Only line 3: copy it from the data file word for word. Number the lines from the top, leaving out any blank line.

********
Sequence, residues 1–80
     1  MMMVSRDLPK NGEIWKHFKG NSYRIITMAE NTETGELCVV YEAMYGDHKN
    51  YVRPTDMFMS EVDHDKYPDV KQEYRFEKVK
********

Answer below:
    51  YVRPTDMFMS EVDHDKYPDV KQEYRFEKVK